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airplane bulletBOOK EXCERPT 2:airplane bullet

East Prussia, May 1940
(sections of pp39-42)

The camp came into view, and Klaudia saw another Labour girl, Rosa Welkerling, arriving at nearly the same time....

"Have you been summoned, too?"  Rosa asked Klaudia, astonished.

Klaudia nodded, and asked in a nervous whisper, "Do you know what this is all about?"

Rosa admitted.

... they were admitted to the "inner sanctum," and came to attention with outstretched arms and a simultaneous "Heil Hitler!"

The Camp Commandant was a woman in her late 20s who had risen rapidly in the RAD.  She sat behind her desk, while her visitor sat back comfortably in the leather arm-chair reserved for visitors.  The girls were both disappointed.  Unconsciously conditioned by the Propaganda Ministry, they had assumed that all Luftwaffe majors were tall, blond, and dashingly handsome.  This man was middle-aged, over-weight, balding and not in the least handsome.  He looked rather like an ordinary shopkeeper dressed up in uniform.

… The only reason that Klaudia was standing here and not one of the others was because of her name.  When the Luftwaffe major had asked her to recommend two suitable girls, the Camp Commandant had automatically thought of the Labour Girl v. Richthofen.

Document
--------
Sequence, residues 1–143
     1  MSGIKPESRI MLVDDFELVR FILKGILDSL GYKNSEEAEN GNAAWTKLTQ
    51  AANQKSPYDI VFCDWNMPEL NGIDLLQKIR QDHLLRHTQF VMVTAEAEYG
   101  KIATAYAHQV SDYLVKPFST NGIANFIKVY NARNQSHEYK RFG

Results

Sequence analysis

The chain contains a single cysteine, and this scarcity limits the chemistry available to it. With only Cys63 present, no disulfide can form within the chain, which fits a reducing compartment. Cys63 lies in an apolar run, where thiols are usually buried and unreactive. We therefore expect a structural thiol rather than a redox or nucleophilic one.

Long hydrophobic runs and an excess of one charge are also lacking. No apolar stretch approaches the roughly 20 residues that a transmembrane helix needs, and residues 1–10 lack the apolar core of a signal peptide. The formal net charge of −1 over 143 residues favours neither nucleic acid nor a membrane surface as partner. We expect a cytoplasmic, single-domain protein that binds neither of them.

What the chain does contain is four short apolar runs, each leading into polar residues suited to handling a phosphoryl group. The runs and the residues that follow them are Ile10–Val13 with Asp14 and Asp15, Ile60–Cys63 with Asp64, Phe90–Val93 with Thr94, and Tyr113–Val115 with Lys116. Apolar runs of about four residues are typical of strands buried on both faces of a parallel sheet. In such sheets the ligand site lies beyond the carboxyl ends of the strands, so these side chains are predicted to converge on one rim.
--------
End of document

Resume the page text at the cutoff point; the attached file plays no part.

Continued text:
The major got to his feet and with his hands behind his back began to lecture to the girls. "Not a shopkeeper," Rosa thought in annoyance; "a schoolteacher!"

She was right.  In civilian life Major Bayer was a high-school teacher, but in his capacity as Reserve Major he was responsible for recruitment in East Prussian Air District.  A few days earlier, a report had crossed his desk detailing the sudden and dramatic increase in the Luftwaffe's requirements for communications specialists. … The report concluded that the Luftwaffe must increase reliance on female auxiliaries, as these could be recruited from the vast pool of untouched "manpower" not already being funnelled into the armed forces. …

Bayer explained carefully and at some length about the new demands placed on the Luftwaffe.  Aside from the need to monitor and control the airspace from Norway to the Italian border, they were now in the final stages of subduing France.  Since the English had managed to escape at Dunkirk, however, there was no longer any doubt that they would have to invade England.  For this last task - something not achieved since 1066 - the Luftwaffe would have to station bomber and fighter Groups in France and the Low Countries.  It was going to have to concentrate these for a massive assault against the British Isles.

Up to now, Bayer reminded his attentive audience, the Luftwaffe had fought in support of German ground forces.  It had acted like long-range artillery, softening up enemy positions in advance of a ground attack, and responding to requests for air support from the troops on the ground.  But against England, the Luftwaffe would be spearheading the assault, and doing so virtually alone.

"Never in the history of the world," Major Bayer told the Labour Girls in front of him, "has an air force been asked to perform a comparable task.  We have been asked - by the Führer personally - to destroy the British will to resist.  Our beloved Feldmarschall has staked his personal reputation on fulfilling the Führer's wish.  And the Luftwaffe will not fail him - I can assure you of that!  The Luftwaffe burns to show the Führer what it can do.  But,"  the teacher-turned-major stopped dramatically, "but the Luftwaffe needs help. It needs your help."